Better tables would really be useful for research.

What specifically are you looking for with tables? There are several ten thousand features in between Word and Excel. :slight_smile: I can say that in general tables in Scrivener are meant to be places where you can dump data into cells for later formatting after compile. For design minimalist tables they are probably good enough without that, but heading toward presentation is a bit out of scope for what this software is all about. Presentation should be handled by pro desktop publishing tools, not a writing program—at least that is our contention, and much of the philosophy of this software’s design.

That’s perfectly fine to do if you wish, it sounds like you are used to working in a system where outlining is done entirely in text files? It’s the same idea here, but the implementation is more biased toward writers, in my opinion. I extensively outline within what one might refer to as a “document”. It’s just that in Scrivener, a document can be a thousand different pieces of text arranged into an outline. You don’t have to stop at chapters, or sections, is what I’m saying—if the section you are working on needs more outline, then break it up and outline it. Some people around here have things broken down to paragraphs. :slight_smile: It’s a totally different system than in a word processor, where the outline is embedded directly into the text as a special function of the text itself. Scrivener deliberately is not that, because it acknowledges that what an author needs for an outline often has nothing or very little to do with what is visible as text—particularly for the reader. That is nothing new of course, any author with boxes of index cards can attest to that—we’re just trying to bridge that box of index cards with the manuscript directly (and a little less messily).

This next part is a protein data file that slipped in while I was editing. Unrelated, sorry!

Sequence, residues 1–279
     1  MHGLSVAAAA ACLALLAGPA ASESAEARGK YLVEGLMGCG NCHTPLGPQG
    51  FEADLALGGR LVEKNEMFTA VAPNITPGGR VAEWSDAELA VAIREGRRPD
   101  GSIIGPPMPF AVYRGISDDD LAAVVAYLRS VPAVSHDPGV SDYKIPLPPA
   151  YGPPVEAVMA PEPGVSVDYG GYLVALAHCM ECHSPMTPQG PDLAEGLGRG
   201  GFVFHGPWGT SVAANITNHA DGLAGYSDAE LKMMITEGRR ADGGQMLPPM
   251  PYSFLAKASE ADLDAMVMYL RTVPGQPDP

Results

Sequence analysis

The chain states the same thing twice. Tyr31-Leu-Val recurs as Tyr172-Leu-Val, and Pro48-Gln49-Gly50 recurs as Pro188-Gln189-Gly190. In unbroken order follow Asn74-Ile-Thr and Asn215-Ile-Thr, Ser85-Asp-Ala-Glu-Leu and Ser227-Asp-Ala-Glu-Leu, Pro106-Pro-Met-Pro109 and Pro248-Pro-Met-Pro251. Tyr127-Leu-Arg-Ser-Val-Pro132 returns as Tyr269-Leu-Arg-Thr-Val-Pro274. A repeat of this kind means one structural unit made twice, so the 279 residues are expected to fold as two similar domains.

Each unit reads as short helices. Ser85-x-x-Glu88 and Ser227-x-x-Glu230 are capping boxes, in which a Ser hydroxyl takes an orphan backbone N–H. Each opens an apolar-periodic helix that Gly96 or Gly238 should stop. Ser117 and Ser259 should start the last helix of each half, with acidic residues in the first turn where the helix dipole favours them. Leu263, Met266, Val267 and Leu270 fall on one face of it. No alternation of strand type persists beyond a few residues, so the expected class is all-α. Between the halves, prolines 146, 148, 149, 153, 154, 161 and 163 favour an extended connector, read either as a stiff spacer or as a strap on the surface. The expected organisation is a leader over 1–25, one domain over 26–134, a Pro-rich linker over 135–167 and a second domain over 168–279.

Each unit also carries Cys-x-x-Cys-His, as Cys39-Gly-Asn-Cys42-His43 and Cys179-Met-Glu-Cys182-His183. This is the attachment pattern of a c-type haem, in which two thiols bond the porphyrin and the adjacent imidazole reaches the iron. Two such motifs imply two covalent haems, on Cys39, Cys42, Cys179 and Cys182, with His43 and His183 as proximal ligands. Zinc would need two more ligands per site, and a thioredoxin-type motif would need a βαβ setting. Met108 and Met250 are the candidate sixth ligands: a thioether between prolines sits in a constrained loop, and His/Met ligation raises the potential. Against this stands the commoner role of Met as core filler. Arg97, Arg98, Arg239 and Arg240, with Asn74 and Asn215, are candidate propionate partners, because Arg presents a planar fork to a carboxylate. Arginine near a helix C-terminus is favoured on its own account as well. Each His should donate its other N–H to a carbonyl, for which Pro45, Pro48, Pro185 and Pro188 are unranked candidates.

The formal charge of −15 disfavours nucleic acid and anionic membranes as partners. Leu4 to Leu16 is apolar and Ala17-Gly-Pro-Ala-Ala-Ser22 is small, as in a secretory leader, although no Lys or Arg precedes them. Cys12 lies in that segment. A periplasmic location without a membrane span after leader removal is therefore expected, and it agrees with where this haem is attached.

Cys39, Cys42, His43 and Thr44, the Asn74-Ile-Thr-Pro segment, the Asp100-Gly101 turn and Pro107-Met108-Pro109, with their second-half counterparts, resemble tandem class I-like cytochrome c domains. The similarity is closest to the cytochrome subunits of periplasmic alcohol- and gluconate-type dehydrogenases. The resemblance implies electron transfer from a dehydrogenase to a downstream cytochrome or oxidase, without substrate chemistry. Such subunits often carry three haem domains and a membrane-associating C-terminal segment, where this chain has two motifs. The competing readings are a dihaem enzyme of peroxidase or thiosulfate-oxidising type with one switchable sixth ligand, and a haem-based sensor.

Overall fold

Another thing to consider is that there is no stipulation that elements in the Binder must be “documents” in the traditional sense. They can merely just be entries in the Binder, outline rows if you will (if you’ve ever used a dedicated outlining program, that’s a better comparison to how Scrivener works than something like Word or even Win Explorer).

What does that mean in practice? Since everything in Scrivener is a container, that means every section of text in your book can be its own playground for outlining and forming ideas. Just hit Ctrl–3 while writing, and you’ve got an empty outline to work with, build out your idea (note that adding rows is as easy as hitting the Enter key, just like a traditional outliner—if not check the Navigation settings tab), and then Ctrl–3 back to the text. You’re just switching Outliner view on and off for the text file you are editing, nothing mysterious, and the result of your outline will be in the Binder beneath that text file. You could write into these nodes to flesh out the section, or just use it as a place to think about the bulk of the text in a more abstract sense.

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